Thus different groups have been trying to use different techniques to improve the homogenisation. Haimberger et al propose two approaches – one is to use the reanalysis datasets (ERA-40) as a guide, and a second is an objective way of looking for break points in the individual timeseries. The first approach (adopted in the RAOBCORE products) can bring new information because the reanalysis assimilates a lot more data than just the sondes temperatures – satellite products for water vapour, temperature, winds etc. – and tries to come up with a consistent picture. Unfortunately, the reanalysis itself has jumps as new sources of data (new satellites for instance) get assimilated, and so there are limits to how much use it is – and since they assimilate MSU data as well, the results aren’t necessarily independent of the uncertain MSU products either.
The second approach is denoted RICH (Radiosonde Innovation Composite Homogenization). This uses a similar method as HadAT2 to detect change points but uses the RAOBCORE product as a background. This works because the problems that arise in the reanalysis are not going to be correlated to the problems in an individual sonde. As can be seen this produces significantly different results from the standard products (like HadAT). RICH also seems more physically consistent than RAOBCORE, particularly in the lower troposphere.
The results from RICH (shown here for the individual locations), show up quite dramatically why the tropics have much greater uncertainty than the Northern Hemisphere mid-latitudes. The number and density of stations there is dramatically less.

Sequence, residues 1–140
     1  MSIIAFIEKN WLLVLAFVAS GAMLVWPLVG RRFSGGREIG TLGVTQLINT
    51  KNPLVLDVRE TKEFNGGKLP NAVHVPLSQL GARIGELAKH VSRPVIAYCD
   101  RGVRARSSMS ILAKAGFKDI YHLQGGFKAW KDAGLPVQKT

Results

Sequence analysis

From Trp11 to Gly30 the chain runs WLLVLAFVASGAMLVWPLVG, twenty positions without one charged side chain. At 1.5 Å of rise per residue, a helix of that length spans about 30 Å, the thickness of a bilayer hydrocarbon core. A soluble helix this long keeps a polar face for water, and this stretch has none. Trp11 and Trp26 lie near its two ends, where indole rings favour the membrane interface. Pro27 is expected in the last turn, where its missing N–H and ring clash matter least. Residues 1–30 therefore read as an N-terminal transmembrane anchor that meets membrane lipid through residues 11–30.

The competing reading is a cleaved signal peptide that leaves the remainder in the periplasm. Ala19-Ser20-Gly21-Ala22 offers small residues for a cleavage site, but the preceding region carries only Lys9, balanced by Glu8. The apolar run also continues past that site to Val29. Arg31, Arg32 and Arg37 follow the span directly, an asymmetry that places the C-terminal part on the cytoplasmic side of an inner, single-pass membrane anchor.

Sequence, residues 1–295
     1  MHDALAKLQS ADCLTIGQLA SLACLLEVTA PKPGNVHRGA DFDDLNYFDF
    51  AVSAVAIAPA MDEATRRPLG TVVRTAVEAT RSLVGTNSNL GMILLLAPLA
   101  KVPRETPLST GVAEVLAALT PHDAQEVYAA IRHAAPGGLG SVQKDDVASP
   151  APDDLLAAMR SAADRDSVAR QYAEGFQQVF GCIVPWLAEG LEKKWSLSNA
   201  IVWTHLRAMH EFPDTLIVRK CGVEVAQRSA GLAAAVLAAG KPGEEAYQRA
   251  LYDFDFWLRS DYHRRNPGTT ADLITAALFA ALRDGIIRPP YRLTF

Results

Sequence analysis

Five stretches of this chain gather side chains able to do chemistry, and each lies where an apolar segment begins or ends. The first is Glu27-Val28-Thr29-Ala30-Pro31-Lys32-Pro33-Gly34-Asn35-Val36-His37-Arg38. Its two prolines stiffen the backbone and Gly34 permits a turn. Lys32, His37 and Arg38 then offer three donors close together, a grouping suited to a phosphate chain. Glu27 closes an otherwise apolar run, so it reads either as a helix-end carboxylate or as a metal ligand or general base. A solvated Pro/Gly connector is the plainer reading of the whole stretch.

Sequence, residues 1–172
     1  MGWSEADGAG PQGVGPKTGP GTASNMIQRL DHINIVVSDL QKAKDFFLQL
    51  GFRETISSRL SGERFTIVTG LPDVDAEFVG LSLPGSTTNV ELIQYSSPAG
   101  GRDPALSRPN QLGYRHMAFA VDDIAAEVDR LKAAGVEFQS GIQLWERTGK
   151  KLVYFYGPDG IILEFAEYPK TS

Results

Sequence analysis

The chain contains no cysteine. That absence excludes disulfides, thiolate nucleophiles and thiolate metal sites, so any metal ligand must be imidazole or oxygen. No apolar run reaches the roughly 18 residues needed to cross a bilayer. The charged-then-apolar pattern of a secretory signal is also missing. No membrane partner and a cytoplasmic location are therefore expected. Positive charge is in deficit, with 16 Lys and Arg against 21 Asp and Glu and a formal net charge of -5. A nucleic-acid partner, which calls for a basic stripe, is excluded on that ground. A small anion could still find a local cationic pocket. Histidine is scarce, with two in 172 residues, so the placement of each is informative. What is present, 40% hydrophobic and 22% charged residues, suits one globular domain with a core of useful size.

Sherwood et al (pdf) take a different, iterative, approach that involves using the wind shear measurements (taken at the same time as the temperatures) as a consistency check. These measurements can be linked (via the thermal wind equation to temperature gradients) but are not subject to the same problems in instrumentation. They specifically avoid using the satellite data in the process, so that this can serve as a check on the final product.
So what do these authors find? Each of the different, and independent, methodologies ends up finding pretty much the same thing. If you do a better job on the homogenisation, you end up with answers closer to the expected moist adiabatic amplification of the trend with height. It bears stating again that the expected amplification has nothing to do with the greenhouse effect – it is just a function of the surface warming. Note also that this result was nowhere built in to the analyses and so to find that the most consistent readings produce just that is a validation of all the approaches.
To conclude, the structural uncertainty in the radiosonde data is large, and while these attempts to improve the homogenisation are a step in the right direction, the degree of adjustment is a concern. The bottom line is that the observations may well be closer to the model data than preliminary analyses suggested but that the structural uncertainty remains high. Coming to dramatic conclusions based on any of this remains unwise.
Update: As luck would have it, a commentary from Peter Thorne and a paper from Allen and Sherwood have just come out in Nature Geoscience. In it they extend the idea mentioned above of using wind shear as a check on the temperature trends and come up with a another new estimate of the changes. This estimate is again much closer to the moist adiabat and the climate models. The figure in Thorne’s piece is quite revealing and underlines the points made above:
He concludes: “The new analysis adds to the growing body of evidence suggesting that these discrepancies are most likely the result of inaccuracies in the observed temperature record rather than fundamental model errors.”